Devorah Lev-Tov

Writing ⋅ Editing ⋅ Marketing

Devorah Lev-Tov is a writer and editor with 12 years' experience. She writes about food, travel, luxury, and lifestyle for multiple publications and supplies content for various clients. She is also an illustrated nonfiction book editor, with expertise in developmental editing and recipe editing. In addition, she has several years' experience in event marketing and nonprofit copywriting. She's eaten her way through Central and South America, Europe, Southeast Asia, Oceania, and much of the United States. 

Turkey: Street and Snack Food At Its Finest

Turkey has amazing food and boasts many specialties. There's kebaps, koftë, pide, simit, baklava, and of course all the yummy items you can get as meze before a meal. While you can get a fantastic upscale modern meal in Istanbul, the traditional delicacies and snack food are affordable and amazing. Let's start with one of the most ubiquitous items: the simit. These can be found all over the streets of Istanbul, sold from wooden carts at all hours of the day. It's kind of like a bagel, but larger and flatter. But it's still fluffy on the inside and with a generous coating of sesame seeds there is plenty of flavor. It makes the perfect snack on the go.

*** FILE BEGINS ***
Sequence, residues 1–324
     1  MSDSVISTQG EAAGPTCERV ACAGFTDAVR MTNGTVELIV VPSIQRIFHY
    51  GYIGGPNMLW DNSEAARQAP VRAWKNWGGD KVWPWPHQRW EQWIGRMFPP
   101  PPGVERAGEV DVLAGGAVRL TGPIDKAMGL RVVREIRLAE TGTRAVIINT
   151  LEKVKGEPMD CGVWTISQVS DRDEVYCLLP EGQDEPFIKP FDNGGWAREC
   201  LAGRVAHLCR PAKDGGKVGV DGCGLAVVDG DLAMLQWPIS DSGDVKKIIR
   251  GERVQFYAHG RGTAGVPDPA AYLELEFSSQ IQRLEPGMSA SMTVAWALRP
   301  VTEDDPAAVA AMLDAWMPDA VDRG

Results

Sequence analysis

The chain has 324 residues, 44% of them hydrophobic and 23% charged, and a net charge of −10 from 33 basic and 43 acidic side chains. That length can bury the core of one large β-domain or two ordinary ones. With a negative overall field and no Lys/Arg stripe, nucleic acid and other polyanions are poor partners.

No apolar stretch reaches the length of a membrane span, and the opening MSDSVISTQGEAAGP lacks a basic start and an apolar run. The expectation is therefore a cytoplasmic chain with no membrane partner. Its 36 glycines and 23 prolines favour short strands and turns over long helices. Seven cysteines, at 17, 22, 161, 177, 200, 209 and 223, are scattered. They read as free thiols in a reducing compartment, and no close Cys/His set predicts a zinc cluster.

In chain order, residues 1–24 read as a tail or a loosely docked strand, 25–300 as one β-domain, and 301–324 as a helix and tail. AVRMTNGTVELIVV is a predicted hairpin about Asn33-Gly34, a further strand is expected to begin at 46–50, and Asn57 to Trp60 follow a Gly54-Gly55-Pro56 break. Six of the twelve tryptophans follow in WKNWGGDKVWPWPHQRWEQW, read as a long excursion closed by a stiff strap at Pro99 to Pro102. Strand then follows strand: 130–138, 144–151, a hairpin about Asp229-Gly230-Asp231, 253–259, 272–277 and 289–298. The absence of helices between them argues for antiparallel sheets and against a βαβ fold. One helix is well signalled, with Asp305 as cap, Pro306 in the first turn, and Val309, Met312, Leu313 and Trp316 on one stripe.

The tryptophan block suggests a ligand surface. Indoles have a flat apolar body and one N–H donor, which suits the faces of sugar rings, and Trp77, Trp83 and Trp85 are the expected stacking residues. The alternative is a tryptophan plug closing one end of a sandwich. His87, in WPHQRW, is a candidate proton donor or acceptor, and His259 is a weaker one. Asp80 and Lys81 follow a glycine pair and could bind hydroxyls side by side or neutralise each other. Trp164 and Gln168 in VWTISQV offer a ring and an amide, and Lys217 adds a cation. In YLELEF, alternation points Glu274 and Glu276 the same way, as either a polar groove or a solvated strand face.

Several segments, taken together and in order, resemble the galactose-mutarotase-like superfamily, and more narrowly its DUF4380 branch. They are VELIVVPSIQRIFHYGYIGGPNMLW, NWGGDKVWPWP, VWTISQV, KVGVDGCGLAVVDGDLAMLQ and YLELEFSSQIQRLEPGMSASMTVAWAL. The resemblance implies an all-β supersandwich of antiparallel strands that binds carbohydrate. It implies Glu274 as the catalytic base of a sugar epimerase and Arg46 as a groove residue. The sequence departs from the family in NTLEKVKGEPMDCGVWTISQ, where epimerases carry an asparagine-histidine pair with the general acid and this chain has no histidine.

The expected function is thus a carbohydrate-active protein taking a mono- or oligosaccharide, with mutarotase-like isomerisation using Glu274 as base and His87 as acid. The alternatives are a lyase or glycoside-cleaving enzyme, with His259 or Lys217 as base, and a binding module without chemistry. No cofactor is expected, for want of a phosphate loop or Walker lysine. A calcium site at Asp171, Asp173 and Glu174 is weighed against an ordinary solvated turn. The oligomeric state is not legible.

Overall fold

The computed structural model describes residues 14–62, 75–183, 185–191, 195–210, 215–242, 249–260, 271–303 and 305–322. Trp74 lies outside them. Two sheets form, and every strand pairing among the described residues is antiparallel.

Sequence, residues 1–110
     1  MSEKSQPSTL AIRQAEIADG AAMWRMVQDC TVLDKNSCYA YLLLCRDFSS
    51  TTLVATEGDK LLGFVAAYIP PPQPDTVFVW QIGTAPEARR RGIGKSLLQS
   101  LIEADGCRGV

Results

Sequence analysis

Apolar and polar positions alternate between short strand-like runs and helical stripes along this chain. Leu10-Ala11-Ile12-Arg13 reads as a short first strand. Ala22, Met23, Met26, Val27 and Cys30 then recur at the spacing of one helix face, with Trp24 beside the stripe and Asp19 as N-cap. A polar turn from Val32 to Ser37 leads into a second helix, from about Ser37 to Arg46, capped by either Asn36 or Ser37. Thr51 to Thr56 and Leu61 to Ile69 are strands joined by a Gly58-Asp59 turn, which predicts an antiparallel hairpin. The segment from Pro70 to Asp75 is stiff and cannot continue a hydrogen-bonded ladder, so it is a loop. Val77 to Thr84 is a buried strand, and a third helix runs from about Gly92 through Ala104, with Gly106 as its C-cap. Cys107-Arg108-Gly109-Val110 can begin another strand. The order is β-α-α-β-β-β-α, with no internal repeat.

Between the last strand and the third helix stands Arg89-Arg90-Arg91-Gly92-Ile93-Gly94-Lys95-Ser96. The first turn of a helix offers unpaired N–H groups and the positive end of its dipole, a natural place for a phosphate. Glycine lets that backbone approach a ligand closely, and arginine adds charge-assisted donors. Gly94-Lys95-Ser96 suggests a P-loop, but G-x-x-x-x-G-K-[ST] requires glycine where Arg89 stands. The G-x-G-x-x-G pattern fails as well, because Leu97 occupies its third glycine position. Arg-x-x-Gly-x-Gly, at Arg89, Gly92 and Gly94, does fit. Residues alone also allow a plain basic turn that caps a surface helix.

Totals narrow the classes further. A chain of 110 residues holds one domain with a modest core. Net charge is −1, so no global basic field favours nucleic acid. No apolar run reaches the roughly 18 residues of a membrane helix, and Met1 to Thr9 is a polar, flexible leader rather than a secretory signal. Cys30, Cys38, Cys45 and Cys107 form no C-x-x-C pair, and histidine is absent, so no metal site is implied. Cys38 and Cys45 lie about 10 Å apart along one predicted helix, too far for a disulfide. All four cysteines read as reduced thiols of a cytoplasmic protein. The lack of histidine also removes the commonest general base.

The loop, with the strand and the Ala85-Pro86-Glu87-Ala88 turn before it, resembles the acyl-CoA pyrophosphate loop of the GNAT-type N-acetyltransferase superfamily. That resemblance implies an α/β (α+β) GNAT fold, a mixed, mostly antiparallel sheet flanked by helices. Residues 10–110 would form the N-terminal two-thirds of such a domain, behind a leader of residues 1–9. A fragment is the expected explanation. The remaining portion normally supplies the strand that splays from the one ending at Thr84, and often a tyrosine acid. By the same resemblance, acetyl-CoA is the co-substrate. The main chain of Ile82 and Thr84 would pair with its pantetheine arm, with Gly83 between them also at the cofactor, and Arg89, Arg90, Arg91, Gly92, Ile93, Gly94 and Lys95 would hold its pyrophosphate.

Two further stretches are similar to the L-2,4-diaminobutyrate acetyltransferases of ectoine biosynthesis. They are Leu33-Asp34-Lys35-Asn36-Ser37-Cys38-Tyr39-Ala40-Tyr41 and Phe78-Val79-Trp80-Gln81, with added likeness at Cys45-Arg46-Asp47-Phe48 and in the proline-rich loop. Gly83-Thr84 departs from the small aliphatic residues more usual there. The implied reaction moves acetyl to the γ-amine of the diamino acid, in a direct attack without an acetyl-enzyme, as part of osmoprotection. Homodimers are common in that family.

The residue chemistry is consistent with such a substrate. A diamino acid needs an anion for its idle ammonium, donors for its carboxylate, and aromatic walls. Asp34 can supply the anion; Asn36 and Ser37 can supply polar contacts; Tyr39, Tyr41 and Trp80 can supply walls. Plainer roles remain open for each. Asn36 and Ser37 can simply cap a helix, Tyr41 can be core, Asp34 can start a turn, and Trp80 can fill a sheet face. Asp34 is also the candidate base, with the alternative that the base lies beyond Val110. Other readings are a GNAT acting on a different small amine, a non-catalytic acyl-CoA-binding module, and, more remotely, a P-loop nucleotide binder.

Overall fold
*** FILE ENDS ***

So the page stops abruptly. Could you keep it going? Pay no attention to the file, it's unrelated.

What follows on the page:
Another snack found all over Istanbul: roasted chestnuts. We didn't sample any, but they smelled delicious.

When we got off in the town of Rumeli Kavağı after our cruise up the Bosphorous we were a little hungry. We popped into a little bakery that had lots of goodies. We got some kind of almond sweet cake number that did the trick.

On our first night in Turkey we were too tired to go very far for dinner so the guy at our hotel took us to a typical pide restaurant. Pide is Turkey's version of pizza, although it's pretty different. It consists of a thick dough made into an oval-ish shape and then topped with your choice of various meats or cheese, sometimes left open and sometimes covered with another layer of dough. I opted for a cheese one while Manor sampled a spicy beef number.